The following opinion piece has been submitted by Paul Ryan, owner of Olive Vale Station in Cape York, in response to an opinion authored by former Cattle Council of Australia president Greg Brown titled “Tree laws: farmers, environmentalists should work together and leave the politicians out of it”, published on Beef Central on April 18.
I am the owner of Olive Vale.
To quote Greg Brown:
“The High Value Agriculture (HVA) concept is totally flawed as it allowed people to clear large tracts of country without any staging process”…. “Another flaw with the HVA process was the exaggerated land suitability, productivity and economic claims made by some people charged with the task of putting the HVA applications together. An independent review prepared by Mr W.P. Thompson for the Government identified major flaws and cast serious doubt on the information provided in one particular northern tree clearing application. A permit to clear substantial areas of unsuitable soils was granted based on this flawed application”.
The Thompson report was in relation to Olive Vale.
The Thompson report directly attacked State Government assessment procedures regarding High Value Agriculture, and threatens the future assessment of such proposals.
It was hastily prepared as a desktop assessment.
Now it took my consultant at least five (5) months to do the survey and write the report… soil tests etc.
Further, his reports met with the guidelines to land suitability and financial viability, as published, at the time of lodgement.
The Queensland Department of State Development and Department of Natural Resources deemed it was a properly made application under the 22A test and always had the option of at least 2 Information Requests under the Sustainable Planning Act.
As alleged by Ms Jackie Trad, this was not a “dirty deal” done in the dying days of the Newman Government.
We had two (2) extensions to timeframes under the Sustainable Planning Act, and the fact that a decision was not made before Christmas, and public servants were away and Campbell Newman decided to call an early election is nothing to do with Olive Vale.
Well Mr Brown, we are staging development. To date, only 1,800ha has been cleared and the whole area is growing crops.
Mr Thompson conducted no field inspection of the subject land has been undertaken as part of this review.
No attempt was made by Mr Thompson to contact my consultant to better understand and query methodology.
Assumptions have been made by Mr Thompson. Possibly this maybe because it was not in his brief from his funder, the ALP Government?
How can Mr Thompson’s review be done in a matter of weeks, with not even visiting the site, and assuming that this “independent” consultant had no other work on?
I have no doubt the ALP Government wanted a report to discredit Olive Vale.
The initial story broke on 4 May 2015 and the State Government ordered the investigation on 6 May.
Mr Thompson had completed his “review” by 31 May 2015 so it hit the next sitting of parliament.
To date, DNRM staff have been satisfied with the clearing and it is all compliant.
Mr Thompson is not consistent with at least three (3) other studies in the north and makes some gross assumptions.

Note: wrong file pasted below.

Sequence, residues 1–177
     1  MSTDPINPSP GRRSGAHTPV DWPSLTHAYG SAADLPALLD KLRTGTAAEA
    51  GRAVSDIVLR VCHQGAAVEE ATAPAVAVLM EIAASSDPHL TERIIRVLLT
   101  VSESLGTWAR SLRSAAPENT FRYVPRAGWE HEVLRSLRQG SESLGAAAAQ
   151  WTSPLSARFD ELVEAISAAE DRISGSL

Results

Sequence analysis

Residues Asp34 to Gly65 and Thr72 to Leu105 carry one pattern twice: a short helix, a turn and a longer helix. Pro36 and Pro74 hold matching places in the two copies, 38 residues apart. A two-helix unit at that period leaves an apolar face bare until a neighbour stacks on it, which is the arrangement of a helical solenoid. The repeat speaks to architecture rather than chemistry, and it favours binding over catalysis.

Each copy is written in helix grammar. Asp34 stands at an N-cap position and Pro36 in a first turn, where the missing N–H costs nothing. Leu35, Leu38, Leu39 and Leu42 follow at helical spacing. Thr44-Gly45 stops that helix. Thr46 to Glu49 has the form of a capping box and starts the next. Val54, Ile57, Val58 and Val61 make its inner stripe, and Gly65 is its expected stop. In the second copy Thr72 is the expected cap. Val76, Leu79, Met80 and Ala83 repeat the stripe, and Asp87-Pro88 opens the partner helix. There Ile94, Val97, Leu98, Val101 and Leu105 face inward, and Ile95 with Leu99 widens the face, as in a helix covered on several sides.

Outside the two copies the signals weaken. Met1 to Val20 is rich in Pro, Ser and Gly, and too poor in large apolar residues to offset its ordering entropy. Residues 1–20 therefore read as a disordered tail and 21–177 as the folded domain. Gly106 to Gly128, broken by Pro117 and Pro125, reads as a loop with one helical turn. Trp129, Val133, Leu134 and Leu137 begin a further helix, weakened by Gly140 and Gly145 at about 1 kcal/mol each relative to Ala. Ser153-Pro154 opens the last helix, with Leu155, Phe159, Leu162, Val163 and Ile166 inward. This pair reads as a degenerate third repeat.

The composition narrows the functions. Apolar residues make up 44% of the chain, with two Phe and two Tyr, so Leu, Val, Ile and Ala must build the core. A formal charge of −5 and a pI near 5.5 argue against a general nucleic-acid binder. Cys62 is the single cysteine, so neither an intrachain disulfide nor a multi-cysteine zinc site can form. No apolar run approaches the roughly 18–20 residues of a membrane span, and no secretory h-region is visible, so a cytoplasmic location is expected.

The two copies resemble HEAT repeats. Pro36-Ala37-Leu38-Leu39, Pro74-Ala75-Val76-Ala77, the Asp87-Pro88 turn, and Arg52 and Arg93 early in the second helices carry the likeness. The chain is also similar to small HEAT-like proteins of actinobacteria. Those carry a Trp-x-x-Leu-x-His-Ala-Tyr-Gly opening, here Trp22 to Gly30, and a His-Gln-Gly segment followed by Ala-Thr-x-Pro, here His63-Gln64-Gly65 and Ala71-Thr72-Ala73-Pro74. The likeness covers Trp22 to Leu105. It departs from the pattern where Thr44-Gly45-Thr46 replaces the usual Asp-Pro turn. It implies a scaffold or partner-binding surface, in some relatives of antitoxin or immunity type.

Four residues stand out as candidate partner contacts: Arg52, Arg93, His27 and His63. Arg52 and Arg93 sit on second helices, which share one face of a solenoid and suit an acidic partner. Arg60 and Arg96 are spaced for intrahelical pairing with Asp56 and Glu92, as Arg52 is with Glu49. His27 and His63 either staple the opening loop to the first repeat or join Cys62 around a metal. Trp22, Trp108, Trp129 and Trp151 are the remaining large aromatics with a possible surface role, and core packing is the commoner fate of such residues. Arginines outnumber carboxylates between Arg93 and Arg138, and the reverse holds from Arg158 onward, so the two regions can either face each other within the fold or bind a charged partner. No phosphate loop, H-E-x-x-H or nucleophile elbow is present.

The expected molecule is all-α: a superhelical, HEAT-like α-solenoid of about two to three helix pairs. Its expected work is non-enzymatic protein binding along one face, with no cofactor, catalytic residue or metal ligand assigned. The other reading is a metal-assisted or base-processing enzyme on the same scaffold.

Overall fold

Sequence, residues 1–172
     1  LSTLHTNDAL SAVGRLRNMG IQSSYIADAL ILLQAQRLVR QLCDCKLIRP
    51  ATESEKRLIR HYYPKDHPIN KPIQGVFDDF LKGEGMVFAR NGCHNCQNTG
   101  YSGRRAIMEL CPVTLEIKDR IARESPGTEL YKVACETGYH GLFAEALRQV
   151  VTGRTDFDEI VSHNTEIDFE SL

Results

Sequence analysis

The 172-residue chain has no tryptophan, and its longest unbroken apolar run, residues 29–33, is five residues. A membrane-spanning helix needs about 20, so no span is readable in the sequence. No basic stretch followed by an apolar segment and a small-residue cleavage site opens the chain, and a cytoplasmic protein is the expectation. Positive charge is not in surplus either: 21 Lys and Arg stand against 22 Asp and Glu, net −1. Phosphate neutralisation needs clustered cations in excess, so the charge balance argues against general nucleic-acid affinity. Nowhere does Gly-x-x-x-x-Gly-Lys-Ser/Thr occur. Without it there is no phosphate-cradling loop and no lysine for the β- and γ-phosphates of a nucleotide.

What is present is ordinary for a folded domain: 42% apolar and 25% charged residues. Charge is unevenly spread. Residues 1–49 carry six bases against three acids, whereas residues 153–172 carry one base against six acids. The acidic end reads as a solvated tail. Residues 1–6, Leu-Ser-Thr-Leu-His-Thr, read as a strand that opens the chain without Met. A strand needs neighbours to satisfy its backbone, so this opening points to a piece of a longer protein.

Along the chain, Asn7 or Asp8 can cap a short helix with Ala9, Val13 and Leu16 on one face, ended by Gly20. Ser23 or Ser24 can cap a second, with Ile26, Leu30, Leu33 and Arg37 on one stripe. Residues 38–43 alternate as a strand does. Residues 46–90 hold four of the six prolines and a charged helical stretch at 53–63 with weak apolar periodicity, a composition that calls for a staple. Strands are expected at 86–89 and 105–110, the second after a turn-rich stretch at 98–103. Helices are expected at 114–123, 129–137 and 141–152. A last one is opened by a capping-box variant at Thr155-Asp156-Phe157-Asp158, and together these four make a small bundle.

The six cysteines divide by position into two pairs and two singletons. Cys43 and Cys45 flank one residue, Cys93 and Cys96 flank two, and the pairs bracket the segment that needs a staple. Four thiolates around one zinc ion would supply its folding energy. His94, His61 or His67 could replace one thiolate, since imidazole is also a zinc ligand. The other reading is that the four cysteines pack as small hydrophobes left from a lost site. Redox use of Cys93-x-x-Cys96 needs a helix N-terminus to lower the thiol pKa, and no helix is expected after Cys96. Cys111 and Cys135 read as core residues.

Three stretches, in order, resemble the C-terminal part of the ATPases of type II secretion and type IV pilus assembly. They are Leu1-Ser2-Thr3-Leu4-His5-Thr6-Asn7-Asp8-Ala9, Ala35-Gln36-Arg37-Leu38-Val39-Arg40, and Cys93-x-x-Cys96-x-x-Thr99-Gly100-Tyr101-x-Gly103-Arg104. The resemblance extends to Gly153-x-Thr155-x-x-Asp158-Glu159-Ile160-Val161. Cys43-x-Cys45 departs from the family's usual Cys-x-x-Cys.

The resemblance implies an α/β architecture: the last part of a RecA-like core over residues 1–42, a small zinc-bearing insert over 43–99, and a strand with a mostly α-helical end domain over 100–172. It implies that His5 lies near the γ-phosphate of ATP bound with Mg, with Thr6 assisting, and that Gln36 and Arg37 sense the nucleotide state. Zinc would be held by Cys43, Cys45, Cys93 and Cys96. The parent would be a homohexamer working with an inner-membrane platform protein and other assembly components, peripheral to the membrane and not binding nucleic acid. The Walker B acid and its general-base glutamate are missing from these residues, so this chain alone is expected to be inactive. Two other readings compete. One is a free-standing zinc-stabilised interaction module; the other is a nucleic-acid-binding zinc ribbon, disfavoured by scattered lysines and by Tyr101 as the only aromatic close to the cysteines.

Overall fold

He then goes on to base his financial analysis on these assumptions.
Unlike the Darling Downs, grain can be grown successfully on lighter soils here in the Cape, given moisture during the wet season is not limiting.
Water balance modelling on similar soils in the Cape showed a potential yield of 6.4T/Ha of sorghum. You actually cannot get on the ground to work heavy black cracking clays during the wet in the Cape – and the red sandy loam soils offer trafficability.
Visitors to Olive Vale have been satisfied with the soils that were assessed including Agforce regional members, DNRM staff, other State Government and Commonwealth Officers and DAF Senior Industry Officers, who have been involved in the Gilbert and Flinders River precincts.
In the financials we used a conservative 2.5T/Ha yield.
A DAF-funded trial cropping report for Olive Vale last year showed an average yield across all sorghum varieties of 4.88 T/Ha. That would have amounted to above what was predicted—$714 per hectare at $300 a tonne for sorghum. Rice and Mungbeans are yielding well and show great promise as cropping options.
Mr Thompson attacks Rice as it has no commercial history of production in Queensland – well, rice is one of the cropping options in the trials showing most promise with crops being healthy, vigorous and yielding well.
So who is Greg Brown? At the time Greg Brown was Chair of CCA, he welcomed WWF to the “Global Roundtable for Sustainable Beef” as some sort of “equity partner” and friends.
From my understanding Greg Brown is no Agronomist or soil pedologist. The consultant I engaged is. It is well known that Greg Brown has been openly critical of him for years.
In 2017 Greg Brown attended a Field day at Olive Vale and has seen first-hand the success of cropping trials at Olive Vale.
He was the only person who has been critical of the cropping, despite being financially viable. Greg Brown does not represent the wider industry viewpoint on High value agriculture which offers social and economic opportunity, in areas with a low economic base, to both Indigenous and non-indigenous communities.